Mednick Associates Reveals Oncologist Search Process: Understanding the Clinical Variations of Oncology Medical Expert Witnesses by Answering 3 Questions

Wilton, CT (PRWEB) June 30, 2014

Legal cases involving oncology matters are bound to be emotionally straining for both the plaintiff and defendant. Since most people know someone who has battled with cancer, professional opinions on oncology cases can easily stray from objective to subjective. As a trial attorney, understanding the nature of the case and identifying the correct expert becomes challenging for this reason.

Mednick Associates, a leading nationwide medical expert witness and legal nurse consulting firm, works with and locates numerous oncologists who are able to provide objective opinions on legal cases in a wide array of oncology specialties. Questions asked during their search and screening process are outlined below:

1.)    Medical or Surgical?

Many oncology cases require a medical and surgical oncologist to review and opine. The difference lies in the specialty. A medical oncologist will opine on the nature of the cancer and the diagnosis, while the surgical oncologist will focus on the surgery related to the cancer. At times, they may disagree, which is why Mednick Associates makes sure to screen the case through both experts in order to present a consolidated opinion to their client.

2.)    What type of oncologist is needed for the case?

Many cancers present in specific parts of the anatomy, and numerous physicians can opine on such diagnoses. However, some diagnoses, like liver cancer, may present as the cancer spreads throughout the body. Knowing the source of the cancer is important. An oncologist who specializes in liver cancer may not be the most appropriate expert for a case where cancer originated elsewhere, even though the patient presents with liver cancer. Mednick Associates’ staff of Registered Nurses (RNs) reviews the pertinent medical records, determines the true source of the cancer, and finds the appropriate oncologist to opine. This saves time and money for Mednick clients by avoiding unnecessary case reviews.

3.)    Is a non-oncologist required?

Many times the damages associated with an oncology case stem from issues caused by the cancer, but out of the realm of an oncologist opinion. Sometimes, endocrinologists, general surgeons, or internal medicine experts are required to opine on subsequent care, treatment, or follow-up procedures.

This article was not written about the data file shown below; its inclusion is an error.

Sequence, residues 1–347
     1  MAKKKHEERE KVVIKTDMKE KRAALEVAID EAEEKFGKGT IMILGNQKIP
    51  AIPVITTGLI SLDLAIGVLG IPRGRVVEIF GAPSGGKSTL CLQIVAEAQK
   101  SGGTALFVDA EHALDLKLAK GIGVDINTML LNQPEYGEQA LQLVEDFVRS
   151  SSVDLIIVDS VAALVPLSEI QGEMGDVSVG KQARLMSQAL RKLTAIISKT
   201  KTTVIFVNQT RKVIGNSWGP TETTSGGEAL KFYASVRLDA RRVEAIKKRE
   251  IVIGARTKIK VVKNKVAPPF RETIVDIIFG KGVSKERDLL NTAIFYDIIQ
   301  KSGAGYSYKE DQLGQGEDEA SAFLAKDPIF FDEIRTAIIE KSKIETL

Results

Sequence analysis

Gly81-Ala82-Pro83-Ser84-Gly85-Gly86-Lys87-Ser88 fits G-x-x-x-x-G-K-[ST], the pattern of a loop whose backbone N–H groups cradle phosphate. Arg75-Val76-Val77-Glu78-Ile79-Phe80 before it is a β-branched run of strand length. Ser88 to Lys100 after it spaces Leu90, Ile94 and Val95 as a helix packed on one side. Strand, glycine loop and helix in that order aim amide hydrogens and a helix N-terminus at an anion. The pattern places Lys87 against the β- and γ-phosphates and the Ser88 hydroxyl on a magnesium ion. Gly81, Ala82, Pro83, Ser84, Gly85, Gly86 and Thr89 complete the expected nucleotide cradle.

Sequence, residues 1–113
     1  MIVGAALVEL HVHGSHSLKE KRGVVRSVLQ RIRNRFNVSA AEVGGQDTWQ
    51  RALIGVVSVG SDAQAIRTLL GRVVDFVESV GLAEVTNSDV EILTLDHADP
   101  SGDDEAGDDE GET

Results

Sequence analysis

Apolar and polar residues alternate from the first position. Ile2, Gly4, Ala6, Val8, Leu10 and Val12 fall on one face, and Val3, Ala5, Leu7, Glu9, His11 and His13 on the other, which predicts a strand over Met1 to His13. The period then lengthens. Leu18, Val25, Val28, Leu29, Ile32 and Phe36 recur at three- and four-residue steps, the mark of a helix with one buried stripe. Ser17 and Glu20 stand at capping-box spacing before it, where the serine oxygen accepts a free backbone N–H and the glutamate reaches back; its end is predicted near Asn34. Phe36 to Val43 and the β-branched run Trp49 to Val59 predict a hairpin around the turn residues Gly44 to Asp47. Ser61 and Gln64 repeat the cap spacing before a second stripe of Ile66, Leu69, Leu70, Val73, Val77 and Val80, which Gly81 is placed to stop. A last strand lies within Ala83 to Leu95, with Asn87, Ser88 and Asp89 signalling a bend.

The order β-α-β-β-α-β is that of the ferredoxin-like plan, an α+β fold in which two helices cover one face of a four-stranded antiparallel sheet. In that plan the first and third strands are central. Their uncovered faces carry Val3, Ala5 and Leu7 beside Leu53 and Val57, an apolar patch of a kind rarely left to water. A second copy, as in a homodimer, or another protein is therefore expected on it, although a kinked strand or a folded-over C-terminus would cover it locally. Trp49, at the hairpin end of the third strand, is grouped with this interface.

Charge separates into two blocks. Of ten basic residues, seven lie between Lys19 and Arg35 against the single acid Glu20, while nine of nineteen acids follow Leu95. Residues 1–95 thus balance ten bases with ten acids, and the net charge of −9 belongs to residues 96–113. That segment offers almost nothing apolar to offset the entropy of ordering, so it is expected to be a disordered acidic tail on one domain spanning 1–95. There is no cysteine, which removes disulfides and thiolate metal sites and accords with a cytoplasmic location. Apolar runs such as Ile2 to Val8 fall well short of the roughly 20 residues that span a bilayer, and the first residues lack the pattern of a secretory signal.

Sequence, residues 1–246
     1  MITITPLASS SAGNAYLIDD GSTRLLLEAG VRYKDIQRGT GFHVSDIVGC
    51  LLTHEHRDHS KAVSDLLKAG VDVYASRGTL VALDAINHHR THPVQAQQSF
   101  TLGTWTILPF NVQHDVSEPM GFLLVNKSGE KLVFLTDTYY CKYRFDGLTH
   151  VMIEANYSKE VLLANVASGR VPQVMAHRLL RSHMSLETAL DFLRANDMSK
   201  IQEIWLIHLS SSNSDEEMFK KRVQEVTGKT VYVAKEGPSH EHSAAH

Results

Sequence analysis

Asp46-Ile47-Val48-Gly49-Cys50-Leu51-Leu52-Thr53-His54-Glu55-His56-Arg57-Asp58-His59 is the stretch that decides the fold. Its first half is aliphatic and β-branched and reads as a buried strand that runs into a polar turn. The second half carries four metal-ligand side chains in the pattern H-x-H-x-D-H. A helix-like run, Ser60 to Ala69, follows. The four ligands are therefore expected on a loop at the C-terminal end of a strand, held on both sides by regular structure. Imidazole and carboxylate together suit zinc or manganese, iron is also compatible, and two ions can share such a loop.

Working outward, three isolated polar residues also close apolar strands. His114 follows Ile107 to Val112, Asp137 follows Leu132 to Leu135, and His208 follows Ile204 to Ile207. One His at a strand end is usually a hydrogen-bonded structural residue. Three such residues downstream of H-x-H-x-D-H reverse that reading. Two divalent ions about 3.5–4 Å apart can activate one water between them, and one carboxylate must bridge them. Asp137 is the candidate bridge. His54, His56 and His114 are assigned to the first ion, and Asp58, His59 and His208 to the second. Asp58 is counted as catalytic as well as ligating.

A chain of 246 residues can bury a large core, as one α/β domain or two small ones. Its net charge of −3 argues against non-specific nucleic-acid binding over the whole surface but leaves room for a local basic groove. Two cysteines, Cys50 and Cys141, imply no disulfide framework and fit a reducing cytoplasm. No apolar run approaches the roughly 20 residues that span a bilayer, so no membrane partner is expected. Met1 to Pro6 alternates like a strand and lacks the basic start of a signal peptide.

Mednick Associates handles hundreds of oncology cases per year, whether malpractice, tort, or product liability related. With a network of over 90 oncologists and growing, they are able to screen cases quickly, identify the appropriate oncology expert witness and have a case reviewed for a plaintiff or defense attorney. Their experts are physicians first and only devote a small amount of their practice to legal work. This characteristic of their experts allows for a highly credible expert in the courtroom or deposition. To contact them for further information on oncology or other medical expert specialties, please call 203.966.3000 or reach them online at

How to Assist Attorneys as an Expert Witness during the Discovery Process

An expert witness can help during the entire process of case preparation. Naturally, you have to expertly conduct your own investigations, write your own report, and testify on your own. However, you and your technical experience can contribute in other ways to the accomplishment of your side’s efforts in the matter.
Lawyers will often submit pleadings – legal arguments – to the court. They will frequently ask you to write and contribute technical paragraphs of text to each pleading and then you may be asked to sign the document, called an affidavit or a declaration.
Attorneys will frequently prepare, as a part of the discovery process, a series of written requests called interrogatories. Attorneys on both sides of the case will submit a series of such requests for the production of facts and documents. This set of formal requests is a tedious series of inquiries used to discover as much as possible about what the other side knows. Your attorneys will ask you to examine such interrogatories from the other side, and you will help them prepare such interrogatories for your side.
Review your attorney’s discovery request prior to submission to ensure that the request has covered the technical elements. Ensure that the request spans all of the possible data for which he can ask, and that the phraseology of the request is technically precise. The burden in the legal system is that each side must do its best to Learn on point data from the other side. Although the discovery process permits each side to ask for documents and relevant material, the discovery requests must ask explicitly. If the document doesn’t ask precisely for technical elements, the other side doesn’t have to provide the data. Your job in this early phase is to ensure that documents prepared by your lawyer are both accurate and complete, from a technical perspective.

Judd Robbins has been an internationally recognized expert witness since 1986 in the US and in the UK. In 2010, his book “Expert Witness Training” was published by Presentation Dynamics. Robbins has advanced degrees from UC Berkeley and the University of Michigan, has been an Information Systems manager and an Education Systems manager, and consults in both computer and legal issues. Learn more about Mr. Robbins and his Expert Witness Training materials at

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